Meeting China on the New Climate Front | Opinion

American politicians seem to agree on one thing these days: The U.S. cannot let China displace the United States as a global superpower. The House and Senate both passed legislation to counter China, but it continues to miss the mark: climate change is an untapped source of leverage. Curbing China's influence and tackling the climate crisis must be part of the same conversation. By changing how we think about climate, we will redefine the strategic rivalry with China.

China has long used its assets to wield soft power. Huawei and telecommunications came into focus last year, but China using access to clean energy technology as political leverage dates back much further. In 2010, Japan detained the captain of a Chinese fishing trawler after he refused to leave disputed waters. In retaliation, the Chinese government blocked exports to Japan of critical mineral exports used for hybrid vehicles.

There is a conscious strategy here. Beijing has heavily invested in ensuring future supply of the metals and minerals essential for developing clean energy technology. China now controls the supply chains for most of the rare Earth elements and critical minerals used in batteries, magnets and other components important to clean energy technology. In 2021, China's production of these rare elements accounted for 60 percent of the world's total, compared to only 15 percent in the U.S., according to the U.S. Geological Survey.

China's control of the supply chains has allowed it to develop and export clean energy technology, building influence in areas of strategic interest. China partnered with Saudi Arabia to develop the world's largest concentrated solar power plant in Morocco, and one of the world's largest renewable energy projects in the United Arab Emirates. In Vietnam, China invested $310 million in a solar plant. These projects are illustrative of a larger trend. In 2017, roughly 35 percent of China's overseas infrastructure investments were in renewable energy; by 2020, that had grown to 56 percent.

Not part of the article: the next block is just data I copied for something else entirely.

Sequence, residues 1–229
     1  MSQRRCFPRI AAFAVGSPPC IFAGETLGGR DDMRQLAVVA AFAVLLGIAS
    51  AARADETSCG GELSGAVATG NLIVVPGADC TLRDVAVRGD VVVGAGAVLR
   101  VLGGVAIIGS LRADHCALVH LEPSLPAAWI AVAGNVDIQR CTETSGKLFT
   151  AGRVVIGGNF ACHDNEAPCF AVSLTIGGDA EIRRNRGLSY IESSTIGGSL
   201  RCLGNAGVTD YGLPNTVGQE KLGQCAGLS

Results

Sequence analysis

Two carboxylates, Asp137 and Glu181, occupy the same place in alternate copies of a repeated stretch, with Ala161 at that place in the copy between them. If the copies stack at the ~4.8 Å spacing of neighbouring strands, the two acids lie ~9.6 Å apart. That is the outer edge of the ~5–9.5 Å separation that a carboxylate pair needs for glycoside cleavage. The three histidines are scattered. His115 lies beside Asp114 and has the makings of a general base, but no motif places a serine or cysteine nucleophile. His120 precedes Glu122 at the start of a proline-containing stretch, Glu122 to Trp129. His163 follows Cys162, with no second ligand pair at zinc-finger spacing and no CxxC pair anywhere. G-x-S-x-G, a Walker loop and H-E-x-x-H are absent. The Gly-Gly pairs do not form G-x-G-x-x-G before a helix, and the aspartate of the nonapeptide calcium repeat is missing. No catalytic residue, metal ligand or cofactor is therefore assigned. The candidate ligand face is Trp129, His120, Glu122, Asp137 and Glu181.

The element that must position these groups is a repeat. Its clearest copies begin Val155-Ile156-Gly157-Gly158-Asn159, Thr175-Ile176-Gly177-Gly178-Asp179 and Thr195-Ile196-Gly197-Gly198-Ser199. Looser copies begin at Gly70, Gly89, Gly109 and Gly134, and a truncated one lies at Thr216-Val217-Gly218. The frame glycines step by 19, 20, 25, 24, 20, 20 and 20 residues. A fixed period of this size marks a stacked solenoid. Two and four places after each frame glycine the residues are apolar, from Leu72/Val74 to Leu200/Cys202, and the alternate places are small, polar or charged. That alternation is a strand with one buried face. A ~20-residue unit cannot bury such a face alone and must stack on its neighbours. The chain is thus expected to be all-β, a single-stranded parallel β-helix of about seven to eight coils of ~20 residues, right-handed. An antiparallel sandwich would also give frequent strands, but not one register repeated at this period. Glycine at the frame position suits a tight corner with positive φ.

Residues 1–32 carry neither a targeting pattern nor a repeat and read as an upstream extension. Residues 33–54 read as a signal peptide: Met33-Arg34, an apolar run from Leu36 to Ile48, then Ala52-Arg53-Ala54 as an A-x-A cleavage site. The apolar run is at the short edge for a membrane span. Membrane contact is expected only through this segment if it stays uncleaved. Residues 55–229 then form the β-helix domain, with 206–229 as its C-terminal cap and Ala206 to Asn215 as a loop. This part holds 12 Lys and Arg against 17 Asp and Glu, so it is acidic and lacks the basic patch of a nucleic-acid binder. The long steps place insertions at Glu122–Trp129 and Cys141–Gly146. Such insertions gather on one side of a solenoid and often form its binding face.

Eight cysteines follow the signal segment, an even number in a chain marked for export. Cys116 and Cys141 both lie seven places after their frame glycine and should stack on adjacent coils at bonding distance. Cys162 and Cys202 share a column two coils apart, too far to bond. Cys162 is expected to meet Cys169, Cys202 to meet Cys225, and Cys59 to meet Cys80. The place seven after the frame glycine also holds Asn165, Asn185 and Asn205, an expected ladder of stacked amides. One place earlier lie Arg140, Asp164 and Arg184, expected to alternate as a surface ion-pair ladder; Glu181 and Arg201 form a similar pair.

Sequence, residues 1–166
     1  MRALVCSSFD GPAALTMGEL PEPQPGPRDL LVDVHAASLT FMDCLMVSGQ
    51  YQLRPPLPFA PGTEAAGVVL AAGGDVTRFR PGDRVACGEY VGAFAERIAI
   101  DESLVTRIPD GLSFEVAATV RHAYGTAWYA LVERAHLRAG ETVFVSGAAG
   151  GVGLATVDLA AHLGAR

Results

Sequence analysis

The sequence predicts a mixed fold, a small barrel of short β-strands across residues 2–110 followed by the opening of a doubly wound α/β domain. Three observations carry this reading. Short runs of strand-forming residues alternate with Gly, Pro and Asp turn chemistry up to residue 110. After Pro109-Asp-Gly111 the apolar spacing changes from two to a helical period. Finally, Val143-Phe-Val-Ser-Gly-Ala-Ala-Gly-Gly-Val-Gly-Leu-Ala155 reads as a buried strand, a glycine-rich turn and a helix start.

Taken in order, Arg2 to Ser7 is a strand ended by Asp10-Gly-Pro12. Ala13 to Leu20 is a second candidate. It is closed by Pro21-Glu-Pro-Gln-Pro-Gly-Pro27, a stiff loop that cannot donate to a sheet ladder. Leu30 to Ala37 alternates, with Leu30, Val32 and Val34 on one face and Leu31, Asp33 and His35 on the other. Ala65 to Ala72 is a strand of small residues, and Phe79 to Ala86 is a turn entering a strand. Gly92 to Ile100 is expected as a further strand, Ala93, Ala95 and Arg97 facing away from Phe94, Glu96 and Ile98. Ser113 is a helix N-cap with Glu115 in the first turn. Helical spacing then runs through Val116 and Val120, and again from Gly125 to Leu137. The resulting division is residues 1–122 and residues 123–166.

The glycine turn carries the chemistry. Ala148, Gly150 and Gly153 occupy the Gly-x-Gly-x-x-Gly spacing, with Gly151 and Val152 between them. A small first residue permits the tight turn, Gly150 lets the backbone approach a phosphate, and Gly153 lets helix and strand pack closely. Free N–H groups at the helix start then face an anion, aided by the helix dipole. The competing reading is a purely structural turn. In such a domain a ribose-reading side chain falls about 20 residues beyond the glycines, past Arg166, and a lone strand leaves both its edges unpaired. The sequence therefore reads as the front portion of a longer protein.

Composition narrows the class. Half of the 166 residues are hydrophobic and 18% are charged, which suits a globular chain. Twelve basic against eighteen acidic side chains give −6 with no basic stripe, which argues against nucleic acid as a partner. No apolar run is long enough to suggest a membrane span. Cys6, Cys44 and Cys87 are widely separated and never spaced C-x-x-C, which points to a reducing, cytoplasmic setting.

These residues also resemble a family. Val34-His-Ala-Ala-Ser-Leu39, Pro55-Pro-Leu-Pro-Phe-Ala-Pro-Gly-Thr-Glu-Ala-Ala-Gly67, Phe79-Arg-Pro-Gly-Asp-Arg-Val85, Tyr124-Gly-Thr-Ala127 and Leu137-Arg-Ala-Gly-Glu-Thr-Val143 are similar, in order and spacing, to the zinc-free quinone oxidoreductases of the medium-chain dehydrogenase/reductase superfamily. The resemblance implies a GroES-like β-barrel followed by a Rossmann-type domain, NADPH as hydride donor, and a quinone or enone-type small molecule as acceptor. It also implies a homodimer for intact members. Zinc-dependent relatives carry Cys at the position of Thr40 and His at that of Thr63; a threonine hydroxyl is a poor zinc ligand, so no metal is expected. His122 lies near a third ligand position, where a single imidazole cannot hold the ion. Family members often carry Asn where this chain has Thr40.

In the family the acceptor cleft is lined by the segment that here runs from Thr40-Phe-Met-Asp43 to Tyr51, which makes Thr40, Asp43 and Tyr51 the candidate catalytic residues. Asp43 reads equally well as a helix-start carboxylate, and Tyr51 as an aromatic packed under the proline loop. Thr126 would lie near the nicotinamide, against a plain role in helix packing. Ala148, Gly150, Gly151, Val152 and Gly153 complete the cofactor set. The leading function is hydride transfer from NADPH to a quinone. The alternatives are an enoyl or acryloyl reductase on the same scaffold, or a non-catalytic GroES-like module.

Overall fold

The true strength of China's clean energy technology market play lies in how Beijing chooses to use this expanding influence. The picture evolving could pose a national security threat to the U.S. and our allies. As recently as 2019, the People's Daily published an article hinting that China could cut off rare Earth elements exports to the U.S. as a "counter weapon" in the trade war.

A Chinese paramilitary policeman stands guard
A Chinese paramilitary policeman stands guard in Tiananmen Square. GREG BAKER/AFP via Getty Images

However, the U.S. could up its game as well. We are making investments to diversify critical mineral supply chains. In 2021, the U.S. government announced several investments, including $30 million in funding for 13 national lab- and university-led research projects focused on developing substitutes for and diversifying the supply of rare elements. While this is a step in the right direction, more is needed to counter China's dominance.

The clean energy market is growing rapidly. By 2030, clean energy technology market valuation is projected to reach $2 trillion—over three times all goods and services traded between the U.S. and China in 2020. With renewed investment in innovation and domestic manufacturing of clean energy technology, the U.S. could offer a growing market an alternative to Chinese manufactured technology, building influence of its own.

Climate change is no longer a sideshow; it will become the next motivator of wealth and power transfers. Access to technology and resources is one of several avenues by which this will occur—climate offers many more avenues through which to seek strategic influence, from pro-climate diplomacy to national carbon emissions reductions. The U.S. has tools at its disposal, including accelerating clean energy technology at home and giving developing countries access to clean energy finance and materials that don't come from China.

The effects of climate change will play an outsized role in political, economic and security issues in the future. Rather than cede climate to China, and the influence it would give Beijing, the U.S. needs to seize this opportunity to invest in a strategic vision for the 21st century.

Taiya Smith is a senior associate at E3G. Previously, she served as deputy chief of staff and executive secretary to Treasury Secretary Hank Paulson, where she led the U.S.-China Strategic Economic Dialogue (SED), a cabinet level bilateral dialogue. She managed the U.S. negotiating team across seven government departments and established the U.S.–China Ten Year Framework on Energy and the Environment.

Alexandra Hackbarth is a senior policy advisor at E3G. Prior to joining E3G, she was the director of climate and energy security at a D.C. national security think-tank. Her work focused on the national security implications of climate change, with a focus on China and strategic rivalry. She previously served in Kabul, Afghanistan as special advisor to the Special Inspector General for Afghanistan Reconstruction.

The views expressed in this article are the writers' own.